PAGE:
The population of Bangladesh is rapidly approaching 170 million, depending on an area of 147,570 square kilometres, large parts of which are subject for their productivity to seasonal variations in the tides and seasonal flooding.
After the first dramatic decades following independence in 1971, the country succeeded in bettering its agriculture and rationalising its resources, reaching self-sufficiency in many essential products and even having a surplus for export. Perhaps for this reason the debate on population limitation and resources is not very widespread; this may also be due to its divisive content. “The government promotes contraception and non-natural birth control but without any great insistence, because it is aware how fragile the equilibrium is between the present state of development, Moslem identity and respect for the needs of groups and individuals”, asserts Probha Lucy Rozario, in charge of Caritas Bangladesh development initiatives, responsible for the development initiatives of Caritas Bangladesh and formerly government consultant for natural birth control. “From my experience, I can say that the Catholic proposal for education towards responsible procreation has failed but the family remains central to society”, even if the contradictory development of Bangladesh weighs on it considerably.
One challenge is accelerated urbanisation; another, at least for some millions of family nuclei, is the work-seeking diaspora. In general, the transition from traditional models of life (for many Christians this is related to ethnic origin) and the competition for limited resources, render traditional structures all the more fragile.
“The rising cost of living also compels women to work. Today the price of rice has reached 42 taka a kilo (about 45 Euro cents) double what it was last year. This is followed by rising house rent, and not only in Dhaka. Besides the cost of living, – Mrs Rozario also states – the considerably increased territorial distribution, competition for studies and work and the possibility of reaching different living standards, certainly weigh upon the institution of the family”.
The contrast between a deeply traditionalist society accentuated by its Islamic origins, and the need for a modern life in urban centres is increasingly felt. Women are at the crossroads between emancipation by law, necessity and the desire for personal affirmation and a role that remains unvaried in a society that does not support them.
The Bangladesh stopover from the afternoon of 30 November to the afternoon of 2 December 2017 doubtless imposed on Pope Francis less caution than that in Myanmar where he had just finished an epoch-making visit. In Dhaka, the Holy Father immediately found himself immersed in a situation where the Church with only 0.3 per cent of the population is involved in a bewildering and incisive variety of initiatives at the service of the entire nation.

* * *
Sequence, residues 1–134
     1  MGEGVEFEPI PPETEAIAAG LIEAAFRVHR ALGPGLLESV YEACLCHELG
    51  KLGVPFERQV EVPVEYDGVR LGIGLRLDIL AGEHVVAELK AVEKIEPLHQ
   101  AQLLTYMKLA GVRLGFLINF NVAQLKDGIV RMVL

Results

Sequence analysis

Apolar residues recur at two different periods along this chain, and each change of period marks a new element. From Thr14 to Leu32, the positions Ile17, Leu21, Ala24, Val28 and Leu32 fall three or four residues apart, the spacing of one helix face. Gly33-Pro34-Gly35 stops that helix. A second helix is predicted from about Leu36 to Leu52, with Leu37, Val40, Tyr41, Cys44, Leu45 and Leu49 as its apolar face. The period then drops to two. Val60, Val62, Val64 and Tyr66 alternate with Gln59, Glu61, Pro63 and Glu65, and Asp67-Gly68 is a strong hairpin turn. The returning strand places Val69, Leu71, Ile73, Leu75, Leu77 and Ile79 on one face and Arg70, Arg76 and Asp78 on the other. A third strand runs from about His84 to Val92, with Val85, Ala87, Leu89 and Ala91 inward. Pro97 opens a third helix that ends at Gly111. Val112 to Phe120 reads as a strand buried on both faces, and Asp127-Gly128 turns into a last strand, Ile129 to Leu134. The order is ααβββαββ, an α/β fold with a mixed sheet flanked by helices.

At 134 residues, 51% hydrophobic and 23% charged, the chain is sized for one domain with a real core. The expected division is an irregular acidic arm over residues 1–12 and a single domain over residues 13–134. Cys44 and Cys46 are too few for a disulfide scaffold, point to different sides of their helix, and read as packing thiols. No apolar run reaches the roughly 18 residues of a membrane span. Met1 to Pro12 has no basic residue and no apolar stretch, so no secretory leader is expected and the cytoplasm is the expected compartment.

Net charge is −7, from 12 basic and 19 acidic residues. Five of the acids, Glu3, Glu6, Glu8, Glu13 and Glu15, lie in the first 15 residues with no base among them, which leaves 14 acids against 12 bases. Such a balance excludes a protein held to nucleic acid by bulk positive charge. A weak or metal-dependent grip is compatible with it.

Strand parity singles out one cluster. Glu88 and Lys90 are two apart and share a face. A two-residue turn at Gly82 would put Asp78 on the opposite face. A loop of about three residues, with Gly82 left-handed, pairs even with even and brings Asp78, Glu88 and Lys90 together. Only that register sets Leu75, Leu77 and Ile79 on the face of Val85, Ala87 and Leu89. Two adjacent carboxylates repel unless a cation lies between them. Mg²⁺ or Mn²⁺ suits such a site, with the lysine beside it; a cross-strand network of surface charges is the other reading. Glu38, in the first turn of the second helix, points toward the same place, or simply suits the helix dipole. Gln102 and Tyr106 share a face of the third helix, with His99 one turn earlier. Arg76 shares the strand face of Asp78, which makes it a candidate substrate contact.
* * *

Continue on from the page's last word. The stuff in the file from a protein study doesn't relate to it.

His sensibility and his role faced the legitimate pride of the Moslem majority and the membership of ethnic minorities of most Catholics. This is a condition which, of itself, does not promote equality and integration and challenges both the authorities and those who are convinced that the country which insistently promotes its ideals of independence as a common nucleus from where to advance towards progress, must also confirm the principles (right to liberty, security, one’s language, one’s identity and justice) that inspired the founders of independent Bangladesh.
“Many of the problems identified from abroad with Bangladesh derive from its youth and its on-going transition. Ours is a country that began its industrialisation only twenty years ago, where poverty and need are widespread”, says Cardinal Patrick D’Rozario, Archbishop of Dhaka. “The poor, concentrated in 77 per cent of the rural population, have given an essential contribution to the development of the country, but their day is also coming and, in the last 6-7 years the percentage of the population considered poor has been lowered to 28 per cent. Certainly the government has functioned, wages have tripled in five years, modern slavery is present but, looking to the future, the main problem is the qualification of the youth and their ability to take advantage of the opportunities available to them”.
The Church has accompanied with deep commitment and ample recognition the challenges of young Bangladesh such as its overflowing population, development, security and well-being; it has intervened in all natural disasters that have afflicted this country, the beneficiary as well as the victim of floods. It is a Church with ancient roots going back to the first Portuguese presence in the 16th century, but with a history that grew with the missionary drive of the last two centuries to which Italian institutes gave an important contribution. (S.V.)